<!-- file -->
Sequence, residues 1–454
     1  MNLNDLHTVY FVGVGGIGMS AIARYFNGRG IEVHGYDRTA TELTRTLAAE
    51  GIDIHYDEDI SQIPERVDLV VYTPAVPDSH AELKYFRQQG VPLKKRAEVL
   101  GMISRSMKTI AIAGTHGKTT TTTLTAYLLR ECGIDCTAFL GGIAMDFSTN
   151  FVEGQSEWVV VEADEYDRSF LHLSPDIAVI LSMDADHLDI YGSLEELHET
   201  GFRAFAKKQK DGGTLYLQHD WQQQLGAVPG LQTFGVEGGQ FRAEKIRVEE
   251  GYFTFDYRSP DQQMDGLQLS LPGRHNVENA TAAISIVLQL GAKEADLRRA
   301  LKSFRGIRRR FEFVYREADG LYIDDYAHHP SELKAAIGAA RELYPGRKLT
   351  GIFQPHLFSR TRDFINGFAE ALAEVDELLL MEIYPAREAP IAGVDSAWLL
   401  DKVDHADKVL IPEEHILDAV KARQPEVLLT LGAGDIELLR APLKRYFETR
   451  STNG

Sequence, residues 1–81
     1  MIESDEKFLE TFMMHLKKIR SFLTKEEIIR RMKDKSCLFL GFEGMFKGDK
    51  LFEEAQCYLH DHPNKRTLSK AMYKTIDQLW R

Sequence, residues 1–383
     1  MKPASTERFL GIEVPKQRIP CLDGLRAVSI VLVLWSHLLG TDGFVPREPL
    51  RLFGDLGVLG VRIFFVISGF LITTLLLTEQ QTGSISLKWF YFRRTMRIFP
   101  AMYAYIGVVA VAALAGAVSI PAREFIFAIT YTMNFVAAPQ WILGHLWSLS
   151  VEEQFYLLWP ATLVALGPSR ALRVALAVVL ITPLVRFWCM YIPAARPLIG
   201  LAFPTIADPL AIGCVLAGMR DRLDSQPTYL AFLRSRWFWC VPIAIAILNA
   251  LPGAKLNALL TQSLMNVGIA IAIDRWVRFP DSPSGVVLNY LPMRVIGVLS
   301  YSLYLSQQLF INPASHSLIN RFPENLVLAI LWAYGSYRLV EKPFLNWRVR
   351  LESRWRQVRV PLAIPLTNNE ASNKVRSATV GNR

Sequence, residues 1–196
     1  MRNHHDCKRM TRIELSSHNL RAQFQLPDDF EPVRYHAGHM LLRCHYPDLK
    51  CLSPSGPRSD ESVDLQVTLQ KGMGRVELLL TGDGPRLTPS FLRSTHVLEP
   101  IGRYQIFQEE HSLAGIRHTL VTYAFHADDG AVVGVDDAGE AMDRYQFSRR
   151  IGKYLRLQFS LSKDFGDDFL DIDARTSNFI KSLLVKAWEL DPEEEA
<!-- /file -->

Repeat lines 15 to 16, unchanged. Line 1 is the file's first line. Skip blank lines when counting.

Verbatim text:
Sequence, residues 1–383
     1  MKPASTERFL GIEVPKQRIP CLDGLRAVSI VLVLWSHLLG TDGFVPREPL